Advertisement

If you are "ascultating," what are you doing?
Palpating for broken bones
Gauging blood pressure
Listening to breath sounds
"Ascultation" is a formal term for listening to a patient's breathing. You might be trying to hear wheezing or crackles. This can indicate a lot about their condition and potential injury or illness.
Metering a dose of an inhalant medication

Advertisement

If you are dealing with "flow rate," what are you most likely doing?
Overseeing inhaler use
Administering oxygen
Many ambulances carry oxygen tanks, and require an EMT or paramedic to set a flow rate at which the oxygen-enriched air is released. Some ambulance services only allow a paramedic, not an EMT, to perform this duty.
Stemming blood flow
None of these

Advertisement

What is the minimum age at which you can become an EMT?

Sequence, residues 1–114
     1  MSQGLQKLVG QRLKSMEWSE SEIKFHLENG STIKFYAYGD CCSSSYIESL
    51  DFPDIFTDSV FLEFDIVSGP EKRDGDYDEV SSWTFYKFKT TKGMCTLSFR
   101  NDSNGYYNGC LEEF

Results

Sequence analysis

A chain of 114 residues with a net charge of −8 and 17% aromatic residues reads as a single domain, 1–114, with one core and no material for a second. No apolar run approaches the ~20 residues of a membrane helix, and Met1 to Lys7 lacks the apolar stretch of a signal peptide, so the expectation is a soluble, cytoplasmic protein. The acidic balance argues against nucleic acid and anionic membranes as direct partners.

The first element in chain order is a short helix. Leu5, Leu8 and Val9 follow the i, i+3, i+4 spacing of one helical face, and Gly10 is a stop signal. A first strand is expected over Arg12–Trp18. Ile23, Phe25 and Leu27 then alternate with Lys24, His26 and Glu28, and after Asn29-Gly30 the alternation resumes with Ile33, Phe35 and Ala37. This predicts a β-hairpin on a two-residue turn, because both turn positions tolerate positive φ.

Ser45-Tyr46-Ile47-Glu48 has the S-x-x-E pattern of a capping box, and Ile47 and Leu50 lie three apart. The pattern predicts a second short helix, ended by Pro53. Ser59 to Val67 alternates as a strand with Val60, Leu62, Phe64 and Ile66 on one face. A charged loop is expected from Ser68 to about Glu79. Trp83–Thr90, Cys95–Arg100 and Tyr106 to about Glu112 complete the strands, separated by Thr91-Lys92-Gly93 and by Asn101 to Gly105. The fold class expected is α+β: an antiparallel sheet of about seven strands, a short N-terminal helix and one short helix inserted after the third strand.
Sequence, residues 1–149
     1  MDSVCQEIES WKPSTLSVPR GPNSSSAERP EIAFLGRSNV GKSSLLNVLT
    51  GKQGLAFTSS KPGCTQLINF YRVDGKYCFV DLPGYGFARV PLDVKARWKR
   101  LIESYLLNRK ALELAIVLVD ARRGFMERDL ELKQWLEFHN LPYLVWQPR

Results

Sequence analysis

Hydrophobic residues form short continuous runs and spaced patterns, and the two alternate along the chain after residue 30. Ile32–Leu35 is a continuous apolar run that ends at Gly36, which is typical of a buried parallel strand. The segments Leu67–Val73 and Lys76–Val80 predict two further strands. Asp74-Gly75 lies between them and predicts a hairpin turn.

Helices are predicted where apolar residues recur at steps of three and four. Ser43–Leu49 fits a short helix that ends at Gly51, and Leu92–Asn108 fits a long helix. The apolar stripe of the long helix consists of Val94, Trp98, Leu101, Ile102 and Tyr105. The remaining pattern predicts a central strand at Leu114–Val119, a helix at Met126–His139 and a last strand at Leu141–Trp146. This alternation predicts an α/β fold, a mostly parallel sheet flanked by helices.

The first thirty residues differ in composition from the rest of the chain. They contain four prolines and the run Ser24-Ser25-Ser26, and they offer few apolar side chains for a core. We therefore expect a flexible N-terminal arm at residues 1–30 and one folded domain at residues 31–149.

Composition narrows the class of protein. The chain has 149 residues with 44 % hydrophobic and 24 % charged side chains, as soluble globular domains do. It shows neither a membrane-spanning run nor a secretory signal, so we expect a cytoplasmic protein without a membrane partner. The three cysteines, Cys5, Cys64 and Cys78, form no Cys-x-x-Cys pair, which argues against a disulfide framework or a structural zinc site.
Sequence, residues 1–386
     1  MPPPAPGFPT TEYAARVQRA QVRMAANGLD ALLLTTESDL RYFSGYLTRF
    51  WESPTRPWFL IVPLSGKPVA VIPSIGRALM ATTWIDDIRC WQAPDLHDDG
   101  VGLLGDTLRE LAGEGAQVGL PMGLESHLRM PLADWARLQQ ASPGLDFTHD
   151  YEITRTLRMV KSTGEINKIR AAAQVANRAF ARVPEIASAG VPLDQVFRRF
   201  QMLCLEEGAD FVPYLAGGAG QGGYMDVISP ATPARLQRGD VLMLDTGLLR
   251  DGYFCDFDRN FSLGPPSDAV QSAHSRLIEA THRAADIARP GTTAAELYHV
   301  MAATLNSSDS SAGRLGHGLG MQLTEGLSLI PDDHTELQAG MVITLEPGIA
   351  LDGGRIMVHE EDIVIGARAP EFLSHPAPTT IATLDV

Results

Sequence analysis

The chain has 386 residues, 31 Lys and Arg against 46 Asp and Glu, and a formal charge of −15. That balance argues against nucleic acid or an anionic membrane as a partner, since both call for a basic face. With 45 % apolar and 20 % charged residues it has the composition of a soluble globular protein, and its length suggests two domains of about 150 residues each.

17
18
You can qualify for the job at the age of 18. Not surprisingly, this means that a college degree isn't necessary to land the job.
19
21

Advertisement

If you are using a "sphygmomanometer," what are you doing?
Administering oxygen
Taking blood pressure
This gets our vote for the most unnecessarily complicated term in emergency medicine. Most people say "blood pressure cuff" (though the cuff is only part of the whole).
Listening to breath sounds
Gauging mental status

Advertisement

Who creates the standing orders?
A national body in Washington, D.C.
A doctor known as the medical director
Every ambulance service has a medical director, who is an MD. He or she draws up the protocols for treatment that paramedics and EMTs follow.
The highest-ranking paramedic
The fire chief

Advertisement

The blood from a patient's wound is bright red. What does this suggest to you?